Pleasure reading should be pleasurable

Makes sense when you think about it, right? Yet so many of us feel obligated to finish a book once we’ve started it, and feel guilty if we set it aside. We really should read it, because a friend recommended it, or it got a good review, or it’s on a topic we really ought to know more about, or everyone else is reading it, or we put it on our to-read list four years ago (but we can’t remember why), or it’s a classic…fill in the blank however you like.

But unless a book is assigned reading for school or work, then presumably you’re reading for pleasure, and pleasure reading should be pleasurable. Not that you shouldn’t ever explore a new genre or try a book that you find a bit difficult, but if you’re 25 or 50 or 100 pages in and you’re just not that into it, then by all means, put it down and pick up something else instead! You have this librarian’s permission.

This is something I have worked on for years myself. I was inspired partly by Knopf editor Marty Asher, who said something along the lines of “I don’t have time to read anything but great books” (and that was almost a decade ago). Of course, you might well think a book is going to be great and it turns out not to be: you can only judge so much by the cover, title, author, first sentence, first page, flap copy, reviews, etc. Most of us don’t choose books we think we’re going to dislike on purpose.

And yet it can be so hard to put down a book we’ve invested some time in already. It feels like giving up; it feels like failure. And who knows? We’re optimistic; maybe it will get better in another 25, 50, 100 pages. But no: at some point you begin to feel certain that this book is not the one for you, at least not right now. (“Every reader his/her book, every book its reader“).

One side effect of my free time having been somewhat curtailed of late is that I have become much better at putting down a book that doesn’t hook me quickly. This is usually not a reflection on the book’s quality; it’s just not for me, not right now. For example, I have decided to return M.T. Anderson’s Symphony for the City of the Dead to the library – despite the fact that it was personally recommended to me by a reader I trust, and that it was a finalist for the YALSA Award for Excellence in Nonfiction for Young Adults – because I just can’t get excited about the siege of Leningrad right now.

What can I get excited about? Young adult fiction, apparently: I’ve read nine YA novels so far this year, including some truly stellar books (all right, let’s name names: Simon vs. the Homo Sapiens Agenda, Like No Other, Dumplin’, Roller Girl, Echo, A Step Toward Falling, Bone Gap, Rain Reign). I’ve also read (and re-read) some excellent picture books. And, I got to read Gayle Forman’s upcoming adult novel Leave Me, which is just as good as her YA; I read it in just two days, and I have a three-month-old baby, so that should tell you something. (The thing it should tell you is “read Leave Me“!)

So there you have it, from a librarian: if you don’t like what you’re reading, and you don’t have to read it, put it down and read something you love instead. That’s the beauty of the public library: millions of books just there for the borrowing. Don’t do what I did and spend an entire month trying to slog through a book you aren’t that excited about: you’re not being graded, and ticking a box on a checklist you made yourself isn’t nearly as satisfying as spending time reading a book you love. In fact, I think there’s a song about this. Let it go…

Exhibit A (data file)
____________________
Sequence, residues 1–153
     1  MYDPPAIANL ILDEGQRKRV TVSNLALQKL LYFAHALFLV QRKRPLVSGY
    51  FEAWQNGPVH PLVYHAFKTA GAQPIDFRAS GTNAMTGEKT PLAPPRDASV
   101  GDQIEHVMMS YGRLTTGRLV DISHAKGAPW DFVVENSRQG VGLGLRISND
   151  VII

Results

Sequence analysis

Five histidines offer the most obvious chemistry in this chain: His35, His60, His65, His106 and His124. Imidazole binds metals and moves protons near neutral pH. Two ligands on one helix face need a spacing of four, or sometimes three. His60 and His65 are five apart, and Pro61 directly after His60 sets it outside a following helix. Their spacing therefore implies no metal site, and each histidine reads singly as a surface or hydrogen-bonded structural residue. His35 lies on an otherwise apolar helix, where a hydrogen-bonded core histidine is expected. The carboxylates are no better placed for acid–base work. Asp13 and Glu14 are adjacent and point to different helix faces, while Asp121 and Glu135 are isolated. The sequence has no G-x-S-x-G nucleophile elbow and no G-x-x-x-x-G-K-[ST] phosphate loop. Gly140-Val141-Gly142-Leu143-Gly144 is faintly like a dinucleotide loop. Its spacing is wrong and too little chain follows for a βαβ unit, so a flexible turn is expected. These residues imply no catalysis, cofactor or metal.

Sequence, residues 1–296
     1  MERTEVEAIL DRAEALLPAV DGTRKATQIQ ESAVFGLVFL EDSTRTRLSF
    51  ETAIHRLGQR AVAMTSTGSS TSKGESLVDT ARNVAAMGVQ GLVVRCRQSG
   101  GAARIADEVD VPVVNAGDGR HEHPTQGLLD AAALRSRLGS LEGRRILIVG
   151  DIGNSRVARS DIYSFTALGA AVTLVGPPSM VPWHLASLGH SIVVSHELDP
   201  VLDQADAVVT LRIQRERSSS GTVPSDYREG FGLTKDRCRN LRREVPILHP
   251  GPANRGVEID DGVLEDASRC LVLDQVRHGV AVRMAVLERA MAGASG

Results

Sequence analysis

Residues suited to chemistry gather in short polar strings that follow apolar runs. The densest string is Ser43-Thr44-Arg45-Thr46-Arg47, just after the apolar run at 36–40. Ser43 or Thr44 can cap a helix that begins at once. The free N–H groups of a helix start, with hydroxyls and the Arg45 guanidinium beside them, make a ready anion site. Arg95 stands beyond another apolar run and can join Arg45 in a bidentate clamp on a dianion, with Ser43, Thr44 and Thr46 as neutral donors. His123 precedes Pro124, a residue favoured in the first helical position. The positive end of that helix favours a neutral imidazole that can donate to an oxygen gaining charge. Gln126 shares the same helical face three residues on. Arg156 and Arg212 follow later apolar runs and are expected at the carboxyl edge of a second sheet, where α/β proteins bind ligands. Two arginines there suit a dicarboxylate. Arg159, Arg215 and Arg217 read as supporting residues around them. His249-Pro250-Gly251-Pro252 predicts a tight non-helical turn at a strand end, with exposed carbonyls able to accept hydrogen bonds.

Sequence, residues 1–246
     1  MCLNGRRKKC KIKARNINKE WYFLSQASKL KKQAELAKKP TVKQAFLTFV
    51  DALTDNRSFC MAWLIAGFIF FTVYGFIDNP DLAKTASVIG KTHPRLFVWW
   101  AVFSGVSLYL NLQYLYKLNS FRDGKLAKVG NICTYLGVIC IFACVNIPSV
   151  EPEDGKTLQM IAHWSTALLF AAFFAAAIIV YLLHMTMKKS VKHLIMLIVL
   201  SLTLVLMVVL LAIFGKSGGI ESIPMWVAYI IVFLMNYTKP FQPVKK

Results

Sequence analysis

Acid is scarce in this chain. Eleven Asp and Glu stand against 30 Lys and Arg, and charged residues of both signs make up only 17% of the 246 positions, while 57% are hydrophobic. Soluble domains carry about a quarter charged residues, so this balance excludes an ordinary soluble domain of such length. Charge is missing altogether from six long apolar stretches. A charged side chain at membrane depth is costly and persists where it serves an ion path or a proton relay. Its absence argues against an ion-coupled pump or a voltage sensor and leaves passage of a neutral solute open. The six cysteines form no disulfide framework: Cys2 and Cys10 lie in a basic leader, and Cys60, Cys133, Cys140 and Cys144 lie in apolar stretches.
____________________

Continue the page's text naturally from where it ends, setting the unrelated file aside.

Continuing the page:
[All that said…my library is hosting a 2016 Reading Challenge with some interesting categories, and one book can count toward more than one category. Click through to read more if you’re interested in participating.]

9 thoughts on “Pleasure reading should be pleasurable

  1. Yes, if you’re not actually enjoying a book, or some aspect of it, it’s not going to do anything for your intellectual growth or aesthetic sense, and furthermore, you’re not having fun. So why keep going?

  2. I was inspired by the miniature version of this post that showed up in your last letter to put down a book I’d started but couldn’t get into, so thanks! (I feel like I should thank Lyra, actually.) And speaking of YA, I just started listening to All American Boys, and it’s fantastic so far.

  3. We love this suggestion, and pass those same thoughts on to our patrons almost daily. Reader’s advisory is up, and I think it is because we give permission to put down uninteresting material. We love your blog, keep up the good work.

  4. Jenny, I think being a mother has made you an even better writer. Your humor really came out in this (particularly that last line) and I LOVE IT!! And I’m with you about giving up on some books. Life is just too dang short.

  5. I wish that I could get the teachers at my school to look at this more. They want students to take AR tests and don’t give them enough time to choose books. I have tried to talk to the teachers about letting children choose books they want to read based on a hook and a page, but they keep insisting they choose books because of “points.” I am trying to get students to love reading and having to “get points” is getting in the way. The children tend to choose books based on how many points its worth rather than the hook or the summary.

    • Have you read The Book Whisperer by Donalyn Miller? I enjoyed it very much, but its intended audience is classroom teachers and school librarians. It’s wonderful and accessible, I highly recommend it to support your argument that students should have at least some choice in their reading – that’s how they’ll get hooked!

Leave a Reply

Fill in your details below or click an icon to log in: Logo

You are commenting using your account. Log Out /  Change )

Facebook photo

You are commenting using your Facebook account. Log Out /  Change )

Connecting to %s